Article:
We are interested in different aspects of cellular aging and organellar connectivity. Using a combination of molecular and cell biology, genetics, biochemistry and imaging, we apply yeast as a model to understand age-associated cellular decay. The causes of aging are intertwined, and interdependent organelle subsystems and networks cooperate to sustain viability. Communication between organelles is ensured by dedicated signal transduction pathways or by direct physical contact at membrane contact sites. We are interested in contact dynamics in response to aging and altered metabolic regimes and the impact of organellar communication on cellular fitness and proteostasis over time.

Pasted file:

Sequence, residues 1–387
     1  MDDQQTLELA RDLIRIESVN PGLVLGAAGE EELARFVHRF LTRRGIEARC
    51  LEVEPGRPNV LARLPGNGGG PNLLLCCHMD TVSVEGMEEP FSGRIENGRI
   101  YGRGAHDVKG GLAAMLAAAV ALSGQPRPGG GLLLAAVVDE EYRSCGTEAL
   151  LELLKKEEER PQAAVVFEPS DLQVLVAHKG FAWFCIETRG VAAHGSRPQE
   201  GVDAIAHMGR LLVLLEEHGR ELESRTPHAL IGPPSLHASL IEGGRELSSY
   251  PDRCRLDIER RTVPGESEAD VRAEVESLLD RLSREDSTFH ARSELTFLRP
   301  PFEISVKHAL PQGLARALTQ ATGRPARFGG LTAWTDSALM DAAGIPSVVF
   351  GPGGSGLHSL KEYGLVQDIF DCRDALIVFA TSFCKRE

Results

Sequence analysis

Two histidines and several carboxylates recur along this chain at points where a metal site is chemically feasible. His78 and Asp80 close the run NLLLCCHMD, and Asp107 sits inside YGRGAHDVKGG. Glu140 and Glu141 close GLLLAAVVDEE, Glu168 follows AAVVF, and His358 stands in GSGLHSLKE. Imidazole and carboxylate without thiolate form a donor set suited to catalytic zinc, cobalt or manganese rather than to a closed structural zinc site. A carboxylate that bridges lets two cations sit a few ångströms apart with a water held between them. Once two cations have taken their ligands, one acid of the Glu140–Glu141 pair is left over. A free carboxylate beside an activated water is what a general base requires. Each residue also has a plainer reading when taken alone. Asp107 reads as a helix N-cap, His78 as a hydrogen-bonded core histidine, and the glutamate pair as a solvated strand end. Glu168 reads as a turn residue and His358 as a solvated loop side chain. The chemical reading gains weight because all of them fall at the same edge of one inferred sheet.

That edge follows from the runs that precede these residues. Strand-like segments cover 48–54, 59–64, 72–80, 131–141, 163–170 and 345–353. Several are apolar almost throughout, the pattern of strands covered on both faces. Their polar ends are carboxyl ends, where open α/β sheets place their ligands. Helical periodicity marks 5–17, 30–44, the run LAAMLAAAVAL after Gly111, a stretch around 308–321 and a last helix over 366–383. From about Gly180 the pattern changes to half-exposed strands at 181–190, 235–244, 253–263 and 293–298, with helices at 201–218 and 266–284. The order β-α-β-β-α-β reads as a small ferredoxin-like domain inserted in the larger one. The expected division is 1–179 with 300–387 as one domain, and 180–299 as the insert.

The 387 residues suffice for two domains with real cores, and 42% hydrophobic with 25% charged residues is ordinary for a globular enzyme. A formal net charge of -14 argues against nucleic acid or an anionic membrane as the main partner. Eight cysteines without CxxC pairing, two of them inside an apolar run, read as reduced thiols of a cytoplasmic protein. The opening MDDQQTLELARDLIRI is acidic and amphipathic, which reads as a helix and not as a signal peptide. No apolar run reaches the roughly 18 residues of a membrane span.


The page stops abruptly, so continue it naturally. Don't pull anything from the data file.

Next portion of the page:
The capacity of a cell to balance protein synthesis, folding and degradation progressively declines during aging, and long-lived cells are particularly sensitive to the deterioration of protein quality control. The accumulation of abnormal proteins in the course of aging expedites the sequential decay of different proteostatic subsystems maintaining cellular homeostasis, including autophagy. The different projects in our lab are centered around interorganellar communication, facilitated by signal transduction pathways and by direct physical contact between distinct organelles, during aging and in response to altered metabolic regimes.